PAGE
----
How Do I Store My Chocolate?

Posted by Shari Aubrey on

A  little common sense goes a long way

 The good news is, it's not  complicated - four storage tips will have you and your chocolate in  prime eating condition.

1. Don't store chocolate with strong odours.

2. Chocolate doesn't like extreme heat.

3. Or extreme cold.

4. Never eat chocolate straight from the fridge.

How do I store my chocolate? Fiamma Chocolate - the world's best chocolate.

Let's start with odours 

If chocolate is near strong smells, it will  absorb them. So keep it separate, or in an airtight container, if it's mingling with smelly friends. 
Unless of course you want your chocolate to taste like blue cheese or garlic.

Then there's heat

It's not a stretch to know chocolate melts in heat  (in fact it starts to melt at 37 degrees) so the ideal storage is a cool dry space, like a kitchen cupboard.  

Exposing chocolate to heat can cause that weird white 'bloom' you've probably come across on chocolate. When it's heat related, this occurs because the cocoa butter separates from the solids. In theory it's safe to still eat, but I've never felt it tastes the same or has the same texture.

Keep it cool... 

... just not cold. Chocolate likes to be comfortable, and like it doesn't enjoy extreme heat, neither does it enjoy extreme cold. Which means don't store it in the fridge as it's too cold and humid.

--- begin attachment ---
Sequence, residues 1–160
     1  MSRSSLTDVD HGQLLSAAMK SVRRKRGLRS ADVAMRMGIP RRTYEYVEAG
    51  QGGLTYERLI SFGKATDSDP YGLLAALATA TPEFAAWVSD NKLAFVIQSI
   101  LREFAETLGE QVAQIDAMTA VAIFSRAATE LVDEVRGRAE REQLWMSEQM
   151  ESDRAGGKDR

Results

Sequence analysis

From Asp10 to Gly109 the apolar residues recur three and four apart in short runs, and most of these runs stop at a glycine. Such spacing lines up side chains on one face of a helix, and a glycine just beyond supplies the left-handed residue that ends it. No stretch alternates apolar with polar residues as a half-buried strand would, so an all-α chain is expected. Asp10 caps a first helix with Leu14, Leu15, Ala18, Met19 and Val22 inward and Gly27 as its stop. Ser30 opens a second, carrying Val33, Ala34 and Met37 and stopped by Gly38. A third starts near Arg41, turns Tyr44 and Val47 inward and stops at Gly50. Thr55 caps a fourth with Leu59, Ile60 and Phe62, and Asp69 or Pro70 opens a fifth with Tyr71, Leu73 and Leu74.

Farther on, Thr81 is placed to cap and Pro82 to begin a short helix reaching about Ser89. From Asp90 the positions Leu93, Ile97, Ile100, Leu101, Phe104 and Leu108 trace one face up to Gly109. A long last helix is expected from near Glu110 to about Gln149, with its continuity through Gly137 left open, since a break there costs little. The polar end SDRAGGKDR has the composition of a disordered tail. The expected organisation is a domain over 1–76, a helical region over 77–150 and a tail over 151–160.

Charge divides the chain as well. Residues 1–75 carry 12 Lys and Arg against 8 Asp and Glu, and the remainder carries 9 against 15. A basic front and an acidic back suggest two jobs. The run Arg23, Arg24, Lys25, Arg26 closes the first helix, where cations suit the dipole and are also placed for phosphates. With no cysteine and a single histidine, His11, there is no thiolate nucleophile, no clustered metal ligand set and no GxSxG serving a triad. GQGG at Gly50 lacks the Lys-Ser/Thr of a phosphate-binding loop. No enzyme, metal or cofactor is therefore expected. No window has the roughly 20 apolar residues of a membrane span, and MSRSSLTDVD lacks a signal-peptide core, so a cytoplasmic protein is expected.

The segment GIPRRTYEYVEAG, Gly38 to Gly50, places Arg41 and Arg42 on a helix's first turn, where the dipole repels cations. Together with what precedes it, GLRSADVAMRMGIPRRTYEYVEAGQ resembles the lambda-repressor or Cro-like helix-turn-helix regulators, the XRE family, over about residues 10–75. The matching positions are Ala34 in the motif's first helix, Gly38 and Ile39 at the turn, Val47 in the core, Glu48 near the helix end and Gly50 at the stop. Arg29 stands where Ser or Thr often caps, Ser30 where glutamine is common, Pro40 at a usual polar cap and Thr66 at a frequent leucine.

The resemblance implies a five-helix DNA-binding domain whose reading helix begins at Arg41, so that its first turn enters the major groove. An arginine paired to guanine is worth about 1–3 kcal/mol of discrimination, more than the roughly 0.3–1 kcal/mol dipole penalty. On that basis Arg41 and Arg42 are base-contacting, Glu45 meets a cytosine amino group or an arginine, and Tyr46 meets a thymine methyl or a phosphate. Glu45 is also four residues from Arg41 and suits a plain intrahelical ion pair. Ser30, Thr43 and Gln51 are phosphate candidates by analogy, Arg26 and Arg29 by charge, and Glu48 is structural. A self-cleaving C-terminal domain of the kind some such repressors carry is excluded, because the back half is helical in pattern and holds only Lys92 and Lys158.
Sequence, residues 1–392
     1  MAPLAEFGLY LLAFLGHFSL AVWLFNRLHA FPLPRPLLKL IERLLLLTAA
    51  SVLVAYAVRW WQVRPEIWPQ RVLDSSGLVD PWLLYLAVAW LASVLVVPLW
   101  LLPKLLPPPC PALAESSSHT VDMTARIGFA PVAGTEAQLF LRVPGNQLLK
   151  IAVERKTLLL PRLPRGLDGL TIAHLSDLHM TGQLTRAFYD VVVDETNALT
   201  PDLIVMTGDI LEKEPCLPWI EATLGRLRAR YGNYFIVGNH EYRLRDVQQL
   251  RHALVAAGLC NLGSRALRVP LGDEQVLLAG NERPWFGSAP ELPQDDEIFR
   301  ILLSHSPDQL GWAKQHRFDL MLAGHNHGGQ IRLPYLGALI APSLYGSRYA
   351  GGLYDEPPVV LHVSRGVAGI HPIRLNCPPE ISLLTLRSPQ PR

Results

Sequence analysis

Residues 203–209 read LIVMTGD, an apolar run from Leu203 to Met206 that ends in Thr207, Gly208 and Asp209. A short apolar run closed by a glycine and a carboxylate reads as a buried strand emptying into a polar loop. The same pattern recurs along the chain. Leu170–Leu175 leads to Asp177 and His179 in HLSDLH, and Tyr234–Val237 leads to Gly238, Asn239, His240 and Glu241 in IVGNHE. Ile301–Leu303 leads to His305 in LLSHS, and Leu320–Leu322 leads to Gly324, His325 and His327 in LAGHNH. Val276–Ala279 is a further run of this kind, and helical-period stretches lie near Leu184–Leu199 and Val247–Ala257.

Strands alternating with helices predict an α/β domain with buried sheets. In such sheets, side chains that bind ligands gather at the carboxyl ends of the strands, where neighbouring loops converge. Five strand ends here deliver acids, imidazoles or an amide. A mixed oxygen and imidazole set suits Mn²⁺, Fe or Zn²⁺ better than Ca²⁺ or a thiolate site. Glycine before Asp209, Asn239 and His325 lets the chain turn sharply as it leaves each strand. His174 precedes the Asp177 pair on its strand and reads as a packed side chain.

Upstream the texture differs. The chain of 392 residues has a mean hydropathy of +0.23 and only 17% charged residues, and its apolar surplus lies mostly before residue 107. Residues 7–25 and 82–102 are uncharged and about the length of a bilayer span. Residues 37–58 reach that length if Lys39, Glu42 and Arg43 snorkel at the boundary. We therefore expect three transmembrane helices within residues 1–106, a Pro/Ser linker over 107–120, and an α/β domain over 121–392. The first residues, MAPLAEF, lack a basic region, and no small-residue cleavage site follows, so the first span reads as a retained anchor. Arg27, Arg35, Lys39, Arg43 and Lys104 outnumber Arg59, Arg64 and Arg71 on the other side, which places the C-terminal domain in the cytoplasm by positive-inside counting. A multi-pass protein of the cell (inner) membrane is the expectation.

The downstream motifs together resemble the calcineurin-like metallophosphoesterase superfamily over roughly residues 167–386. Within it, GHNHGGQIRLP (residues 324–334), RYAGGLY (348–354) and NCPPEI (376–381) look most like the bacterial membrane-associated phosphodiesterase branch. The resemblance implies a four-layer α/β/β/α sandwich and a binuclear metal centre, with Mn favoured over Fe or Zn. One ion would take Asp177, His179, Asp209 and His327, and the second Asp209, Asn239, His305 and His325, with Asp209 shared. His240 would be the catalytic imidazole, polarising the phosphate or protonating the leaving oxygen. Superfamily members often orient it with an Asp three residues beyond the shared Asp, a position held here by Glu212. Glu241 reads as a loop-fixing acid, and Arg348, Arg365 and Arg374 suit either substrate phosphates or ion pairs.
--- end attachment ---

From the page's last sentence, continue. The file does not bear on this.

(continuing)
Which leads us to the second type of white bloom. If your chocolate has white bloom AND feels rough to touch, that means it's been exposed to moisture and you have sugar bloom. This may occur from humidity, or perhaps rum and raison chocolate where the rum has leached into the chocolate. 

A cool dry place is perfect

Of  course, if it's the height of summer and there is no cool dry place left in your house, store it in the fridge - this is preferable to melted chocolate.  However ALWAYS  take it out an hour or two before you want to eat it. Chocolate, like red wine and cheese, should always be eaten at room temperature. The cold will adversely affect the flavour and texture.

The one exception is if you have a wine fridge, the temperature and humidity is quite good for chocolate. I personally store my chocolate - bearing in mind I have a lot of it due to my business - in a climate controlled wine storage unit. But still let it come to room temperature before eating.


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